HELP- need cam chain experiance for wr450


5 replies to this topic
  • cjyota322

Posted April 04, 2011 - 08:25 AM

#1

Hello- I did a top end rebuid on my 06 wr450 and i'm putting all together to find that the cam chain doesn't fit over the cam gears. The tensioner is off and the chain seems to be around the crank gear correctly and the part# is correct for the chain, also everything is stock. Isn't the cam chain supposed to be loose enough to get it over the gears until you put the tensioner on? And if so do you have any idea what i did wrong?! I'm at my wits end here and any advise is MUCH appreciated!

  • grayracer513

Posted April 04, 2011 - 10:14 AM

#2

The chain cannot be lifted over or off of the cams while both of them are bolted in place. Instead, the chain must be positioned on each sprocket as the cams are set in place. I do it like this:

  • With the crank at TDC, set the chain over the exhaust cam, and set the cam in place so the the timing mark is aligned when the cam is rotated back to draw the slack out of the chain between the crank and cam (don't rotate the crank out of place).
  • Then position the intake cam in the center of the head, and set the chain over the sprocket so that there are 13 pins between the 12:00 o'clock marks on the two cam sprockets.
  • Roll and tilt the intake cam into its saddle and settle both cams into the head.
  • Double check the alignment of all three timing marks, make any necessary corrections, and assemble the caps.
  • Double check the marks, assemble the tensioner and check again.

The 12:00 o'clock marks should not be relied upon for timing, but they are useful when used as described for purposes of guessing the right spot for the second cam to be positioned on the first attempt.

It is possible to loop the chain under the crank so that there is a free hanging link of chain underneath the crank sprocket. If this happens, the only way to get it straightened out is to remove the flywheel (and stator on models where it bolts to the crankcase).

  • cjyota322

Posted April 04, 2011 - 07:31 PM

#3

Thanks grayracer, i tried the same stategy you said and it still didn't work. I sat in front of it for about two hours on saturday trying to get them to fit on and i even took the stator cover back off and it looked ok from what i could see (which isnt much as you probably know!) Is it still supposed to be pretty tight when you use the method you proposed? I guess its time to pull the flywheel again and make sure all is well down there still. Thanks again

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  • tribalbc

Posted April 04, 2011 - 09:08 PM

#4

The chain cannot be lifted over or off of the cams while both of them are bolted in place. Instead, the chain must be positioned on each sprocket as the cams are set in place. I do it like this:

  • With the crank at TDC, set the chain over the exhaust cam, and set the cam in place so the the timing mark is aligned when the cam is rotated back to draw the slack out of the chain between the crank and cam (don't rotate the crank out of place).
  • Then position the intake cam in the center of the head, and set the chain over the sprocket so that there are 13 pins between the 12:00 o'clock marks on the two cam sprockets.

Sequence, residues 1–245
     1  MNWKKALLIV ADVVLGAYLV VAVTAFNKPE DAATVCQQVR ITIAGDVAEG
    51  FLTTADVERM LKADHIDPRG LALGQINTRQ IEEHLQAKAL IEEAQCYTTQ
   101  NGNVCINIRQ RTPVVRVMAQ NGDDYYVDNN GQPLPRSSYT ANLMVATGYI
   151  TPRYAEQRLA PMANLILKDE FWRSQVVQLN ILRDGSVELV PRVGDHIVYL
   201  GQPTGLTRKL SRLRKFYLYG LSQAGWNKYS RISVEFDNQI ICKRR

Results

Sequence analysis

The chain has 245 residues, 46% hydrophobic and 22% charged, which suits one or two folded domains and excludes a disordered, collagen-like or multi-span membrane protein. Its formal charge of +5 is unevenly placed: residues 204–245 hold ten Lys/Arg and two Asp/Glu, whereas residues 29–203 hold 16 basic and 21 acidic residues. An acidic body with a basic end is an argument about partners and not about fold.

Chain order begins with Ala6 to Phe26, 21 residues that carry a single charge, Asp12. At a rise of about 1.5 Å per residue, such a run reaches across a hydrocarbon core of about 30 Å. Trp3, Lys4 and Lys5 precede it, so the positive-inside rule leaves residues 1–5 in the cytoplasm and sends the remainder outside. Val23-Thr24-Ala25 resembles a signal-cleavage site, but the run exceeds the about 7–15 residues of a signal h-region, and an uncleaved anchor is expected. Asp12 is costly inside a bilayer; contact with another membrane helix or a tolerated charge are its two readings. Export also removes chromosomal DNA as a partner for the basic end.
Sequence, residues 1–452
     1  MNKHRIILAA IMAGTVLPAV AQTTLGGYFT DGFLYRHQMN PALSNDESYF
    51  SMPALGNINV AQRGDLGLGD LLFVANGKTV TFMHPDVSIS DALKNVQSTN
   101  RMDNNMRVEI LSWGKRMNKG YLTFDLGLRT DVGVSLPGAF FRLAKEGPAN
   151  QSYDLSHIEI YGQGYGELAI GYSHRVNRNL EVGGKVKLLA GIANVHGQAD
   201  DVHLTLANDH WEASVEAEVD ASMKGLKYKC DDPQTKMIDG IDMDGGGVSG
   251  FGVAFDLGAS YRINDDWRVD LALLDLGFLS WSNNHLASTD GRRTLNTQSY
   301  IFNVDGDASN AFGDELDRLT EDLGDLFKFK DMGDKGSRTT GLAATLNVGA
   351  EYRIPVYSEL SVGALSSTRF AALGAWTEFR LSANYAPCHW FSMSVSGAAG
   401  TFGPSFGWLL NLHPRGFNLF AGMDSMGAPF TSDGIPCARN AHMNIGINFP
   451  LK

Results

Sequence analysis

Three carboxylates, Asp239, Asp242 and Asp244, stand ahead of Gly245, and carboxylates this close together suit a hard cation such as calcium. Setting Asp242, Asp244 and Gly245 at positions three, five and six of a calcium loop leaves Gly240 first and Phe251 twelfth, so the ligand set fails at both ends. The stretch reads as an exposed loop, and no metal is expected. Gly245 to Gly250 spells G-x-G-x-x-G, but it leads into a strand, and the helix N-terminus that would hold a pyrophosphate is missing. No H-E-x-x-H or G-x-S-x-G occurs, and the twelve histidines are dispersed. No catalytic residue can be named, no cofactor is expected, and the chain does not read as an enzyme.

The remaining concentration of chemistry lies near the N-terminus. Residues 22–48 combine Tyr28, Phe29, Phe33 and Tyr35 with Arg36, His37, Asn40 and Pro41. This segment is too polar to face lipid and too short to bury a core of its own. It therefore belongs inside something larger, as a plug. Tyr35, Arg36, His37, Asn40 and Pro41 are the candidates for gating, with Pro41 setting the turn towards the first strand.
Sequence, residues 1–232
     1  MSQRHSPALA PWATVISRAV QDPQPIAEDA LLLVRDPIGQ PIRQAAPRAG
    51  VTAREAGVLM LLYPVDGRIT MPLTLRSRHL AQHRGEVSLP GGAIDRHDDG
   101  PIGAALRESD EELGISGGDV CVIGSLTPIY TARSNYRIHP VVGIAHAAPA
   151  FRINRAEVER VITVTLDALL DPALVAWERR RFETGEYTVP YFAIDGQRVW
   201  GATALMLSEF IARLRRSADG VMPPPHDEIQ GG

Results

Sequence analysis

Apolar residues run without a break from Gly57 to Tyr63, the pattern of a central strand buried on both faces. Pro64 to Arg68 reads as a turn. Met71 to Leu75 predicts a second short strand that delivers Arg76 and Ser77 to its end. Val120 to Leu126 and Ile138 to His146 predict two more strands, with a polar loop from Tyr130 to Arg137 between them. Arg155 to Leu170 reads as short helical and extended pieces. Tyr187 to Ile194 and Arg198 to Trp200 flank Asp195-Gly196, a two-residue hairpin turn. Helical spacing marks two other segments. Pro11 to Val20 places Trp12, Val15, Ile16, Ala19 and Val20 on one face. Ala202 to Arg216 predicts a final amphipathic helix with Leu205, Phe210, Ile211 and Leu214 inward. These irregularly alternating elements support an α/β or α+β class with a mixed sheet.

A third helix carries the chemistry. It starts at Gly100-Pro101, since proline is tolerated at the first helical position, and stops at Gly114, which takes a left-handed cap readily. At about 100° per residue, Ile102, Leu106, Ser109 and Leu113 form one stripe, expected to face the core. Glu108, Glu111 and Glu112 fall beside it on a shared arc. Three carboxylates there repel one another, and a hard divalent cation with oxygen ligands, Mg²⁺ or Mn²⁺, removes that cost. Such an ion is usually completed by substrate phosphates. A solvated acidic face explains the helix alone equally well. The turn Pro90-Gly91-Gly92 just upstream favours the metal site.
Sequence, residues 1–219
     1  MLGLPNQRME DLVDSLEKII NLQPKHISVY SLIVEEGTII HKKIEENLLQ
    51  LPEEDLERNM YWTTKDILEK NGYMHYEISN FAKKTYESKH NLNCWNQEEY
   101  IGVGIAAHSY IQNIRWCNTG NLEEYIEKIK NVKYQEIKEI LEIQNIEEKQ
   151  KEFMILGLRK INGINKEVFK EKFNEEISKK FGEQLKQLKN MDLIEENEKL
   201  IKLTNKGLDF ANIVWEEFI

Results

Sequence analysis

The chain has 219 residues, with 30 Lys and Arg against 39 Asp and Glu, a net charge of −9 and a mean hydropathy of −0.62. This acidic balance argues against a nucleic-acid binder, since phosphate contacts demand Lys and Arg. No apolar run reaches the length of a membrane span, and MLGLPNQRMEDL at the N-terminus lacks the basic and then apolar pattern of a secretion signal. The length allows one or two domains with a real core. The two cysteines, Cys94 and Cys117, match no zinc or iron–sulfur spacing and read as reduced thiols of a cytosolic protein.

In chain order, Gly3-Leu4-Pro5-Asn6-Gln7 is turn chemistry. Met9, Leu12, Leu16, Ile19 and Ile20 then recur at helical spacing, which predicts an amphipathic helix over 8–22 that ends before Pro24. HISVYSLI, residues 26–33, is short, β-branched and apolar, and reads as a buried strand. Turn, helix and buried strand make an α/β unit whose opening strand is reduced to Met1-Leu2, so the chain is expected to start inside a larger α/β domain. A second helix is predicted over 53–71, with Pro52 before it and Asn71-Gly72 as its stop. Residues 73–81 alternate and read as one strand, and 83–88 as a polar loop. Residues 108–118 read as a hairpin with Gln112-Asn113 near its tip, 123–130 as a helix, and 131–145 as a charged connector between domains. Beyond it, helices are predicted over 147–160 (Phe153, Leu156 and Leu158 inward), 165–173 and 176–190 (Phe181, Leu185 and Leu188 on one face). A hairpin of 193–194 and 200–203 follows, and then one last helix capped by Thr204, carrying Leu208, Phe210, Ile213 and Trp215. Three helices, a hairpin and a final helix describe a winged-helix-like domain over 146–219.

• Roll and tilt the intake cam into its saddle and settle both cams into the head.
  • Double check the alignment of all three timing marks, make any necessary corrections, and assemble the caps.
  • Double check the marks, assemble the tensioner and check again.

The 12:00 o'clock marks should not be relied upon for timing, but they are useful when used as described for purposes of guessing the right spot for the second cam to be positioned on the first attempt.

It is possible to loop the chain under the crank so that there is a free hanging link of chain underneath the crank sprocket. If this happens, the only way to get it straightened out is to remove the flywheel (and stator on models where it bolts to the crankcase).


Thanks for that time saving tip :cheers:
Never thought to count the pins before installing the cams, always more trial and error. Took a couple tweaks....

  • cjyota322

Posted April 05, 2011 - 08:37 AM

#5

Was also wondering what to use to time it if you do't use the 12'clock marks?(those are the two punch marks on the gear right?)

  • grayracer513

Posted April 05, 2011 - 10:01 AM

#6

Was also wondering what to use to time it if you do't use the 12'clock marks?(those are the two punch marks on the gear right?)

On each cam sprocket, there are at least two, often three, timing marks. On the OEM auto decompression exhaust cams, there are two marks. Note that in their normal, timed position, the two cam lobes will point up and out, as in the picture here:
Posted Image

In that position, one of the two marks on the exhaust cam will be in the 12:00 o'clock position, while the other is at 9:00. The 9:00 o'clock mark is aligned with the cam cover gasket surface on the head as shown below.

Posted Image
The intake cam will either have two unidentified marks, or three, one marked "E", another marked "I", 180 degrees opposite the E, and one punch mark between them. With two marks, one goes at 12:00 and the other at 3:00, while with three, the "I" goes at 3:00 o'clock. in both cases, the 3:00 mark is aligned with the head surface as was done with the exhaust cam.

It's in the manual:

http://www.yamahaown...ook.com.au/?r=0




 
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